A wide ranging, philosophical, and sensual account of early deep sea exploration and its afterlives, The Bathysphere Book begins with the first ever voyage to the deep ocean in 1930 and expands to explore the adventures and entanglements of its all-too-human participants at a time when the world still felt entirely new.
In the summer of 1930, aboard a ship floating near the Atlantic island of Nonsuch, marine biologist Gloria Hollister sat on a crate, writing furiously in a notebook with a telephone receiver pressed to her ear. The phone line was attached to a steel cable that plunged 3,000 feet into the sea. There, suspended by the cable, dangled a four-and-a-half-foot steel ball called the bathysphere. Crumpled inside, gazing through three-inch quartz windows at the undersea world, was Hollister’s colleague William Beebe. He called up to her, describing previously unseen creatures, explosions of bioluminescence, and strange effects of light and color.
From this momentous first encounter with the unknown depths, The Bathysphere Book widens its scope to explore a transforming and deeply paradoxical America, as the first great skyscrapers rose above New York City and the Great Plains baked to dust. In prose that is magical, atmospheric, and entirely engrossing, Brad Fox dramatizes new visions of our planetary home, delighting in tales of the colorful characters who surrounded, supported, and participated in the dives—from groundbreaking scientists and gallivanting adventurers to eugenicist billionaires.
The Bathysphere Book is a hypnotic assemblage of brief chapters along with over fifty full-color images, records from the original bathysphere logbooks, and the moving story of surreptitious romance between Beebe and Hollister that anchors their exploration. Brad Fox blurs the line between poetry and research, unearthing and rendering a visionary meeting with the unknown.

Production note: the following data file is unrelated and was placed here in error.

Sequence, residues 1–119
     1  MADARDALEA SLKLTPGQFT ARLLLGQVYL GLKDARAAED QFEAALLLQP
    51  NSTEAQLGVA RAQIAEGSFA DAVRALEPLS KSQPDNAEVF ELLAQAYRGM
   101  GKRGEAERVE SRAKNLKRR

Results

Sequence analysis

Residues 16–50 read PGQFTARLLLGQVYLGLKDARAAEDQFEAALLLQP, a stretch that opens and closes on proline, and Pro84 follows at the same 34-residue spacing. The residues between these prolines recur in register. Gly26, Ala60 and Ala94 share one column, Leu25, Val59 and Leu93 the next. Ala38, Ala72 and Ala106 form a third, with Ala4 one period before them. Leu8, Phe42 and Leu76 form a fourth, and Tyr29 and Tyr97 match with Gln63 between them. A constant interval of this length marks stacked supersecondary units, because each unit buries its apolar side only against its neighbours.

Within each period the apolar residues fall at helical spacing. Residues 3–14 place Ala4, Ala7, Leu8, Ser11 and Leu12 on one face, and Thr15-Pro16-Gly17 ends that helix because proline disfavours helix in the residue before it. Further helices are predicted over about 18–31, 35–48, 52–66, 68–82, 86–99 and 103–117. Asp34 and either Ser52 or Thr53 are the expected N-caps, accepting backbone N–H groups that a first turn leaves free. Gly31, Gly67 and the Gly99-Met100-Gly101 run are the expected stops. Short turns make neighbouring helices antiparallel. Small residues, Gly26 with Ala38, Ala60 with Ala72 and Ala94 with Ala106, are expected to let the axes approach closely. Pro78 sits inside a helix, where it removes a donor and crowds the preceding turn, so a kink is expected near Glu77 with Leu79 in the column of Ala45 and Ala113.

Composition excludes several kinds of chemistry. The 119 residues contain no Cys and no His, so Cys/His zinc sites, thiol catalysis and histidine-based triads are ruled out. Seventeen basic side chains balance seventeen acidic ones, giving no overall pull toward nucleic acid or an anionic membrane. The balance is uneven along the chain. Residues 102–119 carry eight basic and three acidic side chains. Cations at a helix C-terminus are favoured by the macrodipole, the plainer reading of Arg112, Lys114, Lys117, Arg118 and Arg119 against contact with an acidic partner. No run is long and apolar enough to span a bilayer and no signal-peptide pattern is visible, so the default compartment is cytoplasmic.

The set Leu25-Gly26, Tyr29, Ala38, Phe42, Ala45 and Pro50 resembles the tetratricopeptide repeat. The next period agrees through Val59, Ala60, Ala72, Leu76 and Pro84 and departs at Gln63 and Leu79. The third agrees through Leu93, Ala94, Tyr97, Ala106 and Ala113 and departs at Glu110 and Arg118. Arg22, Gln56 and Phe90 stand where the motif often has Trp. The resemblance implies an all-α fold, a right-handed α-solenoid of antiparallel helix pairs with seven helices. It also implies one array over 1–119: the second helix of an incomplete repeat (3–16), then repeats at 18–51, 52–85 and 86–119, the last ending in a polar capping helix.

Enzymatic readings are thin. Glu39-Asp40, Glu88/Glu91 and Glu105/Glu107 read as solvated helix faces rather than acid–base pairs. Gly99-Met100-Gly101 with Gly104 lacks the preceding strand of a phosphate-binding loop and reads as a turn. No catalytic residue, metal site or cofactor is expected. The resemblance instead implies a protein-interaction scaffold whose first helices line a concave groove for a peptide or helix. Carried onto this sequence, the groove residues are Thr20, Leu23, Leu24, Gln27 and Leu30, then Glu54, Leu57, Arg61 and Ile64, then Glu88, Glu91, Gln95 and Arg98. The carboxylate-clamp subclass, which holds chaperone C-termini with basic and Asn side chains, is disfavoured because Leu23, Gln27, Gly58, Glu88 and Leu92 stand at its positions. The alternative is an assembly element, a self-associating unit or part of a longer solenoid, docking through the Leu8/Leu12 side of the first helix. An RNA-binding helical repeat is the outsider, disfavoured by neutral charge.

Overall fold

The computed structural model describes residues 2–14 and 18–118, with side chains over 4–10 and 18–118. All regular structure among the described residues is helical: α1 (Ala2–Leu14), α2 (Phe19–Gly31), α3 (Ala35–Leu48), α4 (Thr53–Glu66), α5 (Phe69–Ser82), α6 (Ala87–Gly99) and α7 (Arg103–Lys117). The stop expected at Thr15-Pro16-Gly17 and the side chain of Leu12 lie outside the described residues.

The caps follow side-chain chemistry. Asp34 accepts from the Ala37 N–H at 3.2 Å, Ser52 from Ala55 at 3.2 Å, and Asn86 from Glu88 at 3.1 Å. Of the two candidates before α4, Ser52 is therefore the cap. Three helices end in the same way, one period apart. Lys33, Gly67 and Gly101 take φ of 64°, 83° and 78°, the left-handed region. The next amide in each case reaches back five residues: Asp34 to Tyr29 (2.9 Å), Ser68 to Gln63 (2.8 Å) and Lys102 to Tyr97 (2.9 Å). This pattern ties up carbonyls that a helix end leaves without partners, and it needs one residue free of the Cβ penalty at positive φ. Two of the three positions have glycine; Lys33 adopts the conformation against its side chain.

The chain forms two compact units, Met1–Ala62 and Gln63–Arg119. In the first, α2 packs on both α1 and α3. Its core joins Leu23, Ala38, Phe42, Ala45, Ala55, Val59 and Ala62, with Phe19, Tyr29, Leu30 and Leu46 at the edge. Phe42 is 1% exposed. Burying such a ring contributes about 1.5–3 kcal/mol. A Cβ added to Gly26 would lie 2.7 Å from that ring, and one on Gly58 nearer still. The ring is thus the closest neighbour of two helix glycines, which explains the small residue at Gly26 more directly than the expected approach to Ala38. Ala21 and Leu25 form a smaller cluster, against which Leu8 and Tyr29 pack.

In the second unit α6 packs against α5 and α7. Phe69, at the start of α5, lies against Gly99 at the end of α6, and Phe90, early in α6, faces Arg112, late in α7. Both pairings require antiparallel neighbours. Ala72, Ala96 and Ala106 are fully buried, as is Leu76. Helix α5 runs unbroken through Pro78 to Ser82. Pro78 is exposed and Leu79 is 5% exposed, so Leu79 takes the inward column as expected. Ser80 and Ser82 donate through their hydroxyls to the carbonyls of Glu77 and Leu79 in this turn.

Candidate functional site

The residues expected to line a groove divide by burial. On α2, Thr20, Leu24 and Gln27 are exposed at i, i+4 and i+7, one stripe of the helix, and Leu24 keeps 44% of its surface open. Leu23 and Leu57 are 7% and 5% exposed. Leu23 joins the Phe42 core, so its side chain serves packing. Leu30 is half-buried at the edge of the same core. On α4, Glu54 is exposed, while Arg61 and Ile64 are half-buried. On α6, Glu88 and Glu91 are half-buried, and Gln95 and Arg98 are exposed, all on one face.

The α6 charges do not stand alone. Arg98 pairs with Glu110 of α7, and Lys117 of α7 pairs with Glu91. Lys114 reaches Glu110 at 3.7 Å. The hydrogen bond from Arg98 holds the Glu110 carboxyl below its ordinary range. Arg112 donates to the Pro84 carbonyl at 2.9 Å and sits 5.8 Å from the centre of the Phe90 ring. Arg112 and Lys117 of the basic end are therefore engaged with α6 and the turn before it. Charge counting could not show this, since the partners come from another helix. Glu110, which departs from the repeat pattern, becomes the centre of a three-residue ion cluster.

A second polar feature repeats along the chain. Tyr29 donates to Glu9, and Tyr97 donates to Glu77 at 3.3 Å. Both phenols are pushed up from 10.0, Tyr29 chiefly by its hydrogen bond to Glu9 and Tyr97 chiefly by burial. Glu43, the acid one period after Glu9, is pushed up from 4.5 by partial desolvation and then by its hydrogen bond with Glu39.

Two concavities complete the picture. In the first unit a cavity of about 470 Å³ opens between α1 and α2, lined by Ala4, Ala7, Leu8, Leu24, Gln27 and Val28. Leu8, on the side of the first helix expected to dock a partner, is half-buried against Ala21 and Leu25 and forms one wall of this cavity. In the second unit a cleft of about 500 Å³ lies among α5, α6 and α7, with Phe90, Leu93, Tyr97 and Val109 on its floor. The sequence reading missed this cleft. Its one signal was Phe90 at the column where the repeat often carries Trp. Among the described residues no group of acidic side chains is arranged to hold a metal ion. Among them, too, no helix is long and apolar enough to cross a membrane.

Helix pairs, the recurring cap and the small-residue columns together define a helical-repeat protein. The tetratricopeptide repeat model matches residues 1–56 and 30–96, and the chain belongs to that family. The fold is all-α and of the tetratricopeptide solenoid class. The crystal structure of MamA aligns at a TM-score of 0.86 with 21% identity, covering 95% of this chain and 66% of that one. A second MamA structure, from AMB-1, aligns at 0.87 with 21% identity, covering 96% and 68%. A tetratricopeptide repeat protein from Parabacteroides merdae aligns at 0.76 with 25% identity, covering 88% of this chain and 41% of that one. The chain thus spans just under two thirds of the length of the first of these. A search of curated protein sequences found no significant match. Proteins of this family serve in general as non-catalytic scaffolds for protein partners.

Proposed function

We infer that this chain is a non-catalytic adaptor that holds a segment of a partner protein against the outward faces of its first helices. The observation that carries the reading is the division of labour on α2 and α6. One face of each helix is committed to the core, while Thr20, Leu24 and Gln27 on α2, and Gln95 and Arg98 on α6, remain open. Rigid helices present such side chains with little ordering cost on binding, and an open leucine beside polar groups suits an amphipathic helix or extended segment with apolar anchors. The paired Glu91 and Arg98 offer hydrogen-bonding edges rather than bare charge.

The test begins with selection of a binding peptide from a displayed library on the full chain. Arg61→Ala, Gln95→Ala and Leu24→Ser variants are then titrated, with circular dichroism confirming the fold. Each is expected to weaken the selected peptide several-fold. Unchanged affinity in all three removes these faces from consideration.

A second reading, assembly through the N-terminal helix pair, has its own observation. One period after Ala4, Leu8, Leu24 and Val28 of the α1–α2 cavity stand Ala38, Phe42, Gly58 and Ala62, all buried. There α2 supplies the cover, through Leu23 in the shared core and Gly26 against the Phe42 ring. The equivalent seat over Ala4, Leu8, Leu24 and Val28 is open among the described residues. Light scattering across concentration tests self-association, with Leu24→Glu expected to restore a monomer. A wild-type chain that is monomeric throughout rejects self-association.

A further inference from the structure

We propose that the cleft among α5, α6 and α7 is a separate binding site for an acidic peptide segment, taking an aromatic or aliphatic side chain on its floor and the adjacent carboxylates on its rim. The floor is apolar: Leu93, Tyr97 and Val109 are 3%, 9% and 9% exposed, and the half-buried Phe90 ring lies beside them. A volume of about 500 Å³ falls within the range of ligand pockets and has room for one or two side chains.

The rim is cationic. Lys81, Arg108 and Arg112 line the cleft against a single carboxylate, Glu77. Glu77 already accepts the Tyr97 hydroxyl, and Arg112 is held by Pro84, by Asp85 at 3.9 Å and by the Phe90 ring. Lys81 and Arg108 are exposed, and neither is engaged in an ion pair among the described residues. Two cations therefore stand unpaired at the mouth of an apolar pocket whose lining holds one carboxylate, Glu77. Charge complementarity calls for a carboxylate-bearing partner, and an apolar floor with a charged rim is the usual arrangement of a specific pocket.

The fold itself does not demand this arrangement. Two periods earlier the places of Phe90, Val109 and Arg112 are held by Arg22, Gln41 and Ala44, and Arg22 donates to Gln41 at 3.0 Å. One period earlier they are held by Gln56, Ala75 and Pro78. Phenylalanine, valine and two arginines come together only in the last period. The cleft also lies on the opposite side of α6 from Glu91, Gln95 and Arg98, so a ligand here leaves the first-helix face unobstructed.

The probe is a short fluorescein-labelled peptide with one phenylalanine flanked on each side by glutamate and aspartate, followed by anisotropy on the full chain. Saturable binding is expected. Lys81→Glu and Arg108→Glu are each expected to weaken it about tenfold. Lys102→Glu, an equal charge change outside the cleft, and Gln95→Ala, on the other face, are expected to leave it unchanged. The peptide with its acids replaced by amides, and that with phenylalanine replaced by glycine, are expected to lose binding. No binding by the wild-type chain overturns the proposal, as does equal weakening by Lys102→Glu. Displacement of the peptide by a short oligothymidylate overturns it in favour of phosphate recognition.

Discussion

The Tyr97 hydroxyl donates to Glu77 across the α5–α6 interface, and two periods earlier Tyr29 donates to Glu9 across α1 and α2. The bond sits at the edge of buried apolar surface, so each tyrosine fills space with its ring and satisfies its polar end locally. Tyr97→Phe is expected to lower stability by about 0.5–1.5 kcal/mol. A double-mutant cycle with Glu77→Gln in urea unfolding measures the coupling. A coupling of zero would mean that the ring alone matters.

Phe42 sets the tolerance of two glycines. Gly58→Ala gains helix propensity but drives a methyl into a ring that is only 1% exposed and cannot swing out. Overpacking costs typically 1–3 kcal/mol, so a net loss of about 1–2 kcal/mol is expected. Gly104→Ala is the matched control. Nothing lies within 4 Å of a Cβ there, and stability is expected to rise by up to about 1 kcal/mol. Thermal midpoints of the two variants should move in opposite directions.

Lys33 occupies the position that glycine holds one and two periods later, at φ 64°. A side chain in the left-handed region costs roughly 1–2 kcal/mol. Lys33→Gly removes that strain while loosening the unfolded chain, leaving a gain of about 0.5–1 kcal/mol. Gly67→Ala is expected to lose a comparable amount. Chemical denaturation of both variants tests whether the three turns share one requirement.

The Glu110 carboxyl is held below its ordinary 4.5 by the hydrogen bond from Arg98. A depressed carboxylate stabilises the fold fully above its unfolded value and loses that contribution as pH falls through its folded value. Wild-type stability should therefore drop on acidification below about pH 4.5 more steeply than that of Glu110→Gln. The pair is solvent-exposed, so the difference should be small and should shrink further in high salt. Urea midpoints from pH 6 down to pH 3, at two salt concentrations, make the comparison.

"The Bathysphere Book is wonderful, in the literal sense: filled with wonder. Brad Fox illuminates the extraordinary discoveries of the ocean depths, to be sure, but also of the scientists and artists who first explored them, less than a century ago. To read this glorious and beautifully illustrated account—relayed with what its protagonist William Beebe called 'the oblique glance', the wisdom that everything is connected—is to feel again a child's awed delight at human ingenuity, and at our planet." —Claire Messud, author of The Emperor's Children and A Dream Life
"Brad Fox has created a brilliant work of literary art—at once almanac and seance, wonder-cabinet and hallucinogen. The vigor, pluck, and compression of his language turn a linear chronicle into a time-bending, gem-laden constellation, with surprising flashes of wit, gossip, and melodrama." —Wayne Koestenbaum, author of Ultramarine and The Cheerful Scapegoat
KBrad Fox is a writer living in New York. His novel, To Remain Nameless, was published by Rescue Press in 2020. His stories, articles, and translations have appeared in The New Yorker, Guernica, Public Domain Review, and the Whitney Biennial. He has worked as a researcher and story consultant for novelists and filmmakers, and he had an earlier career as a journalist and relief worker in the Balkans, Mexico, the Arab world, and Turkey.
Madhu H. Kaza is the author of Lines of Flight (forthcoming, Ugly Duckling Presse) and the editor of Kitchen Table Translation, a volume that explores connections between translation and migration. Her writing has appeared in The Los Angeles Review of Books, The Yale Review, Gulf Coast, Guernica, EcoTheo Review, Two Lines, Chimurenga, and more. She teaches in the MFA program at Columbia University and is currently at work on a book titled Vale of Cashmere.
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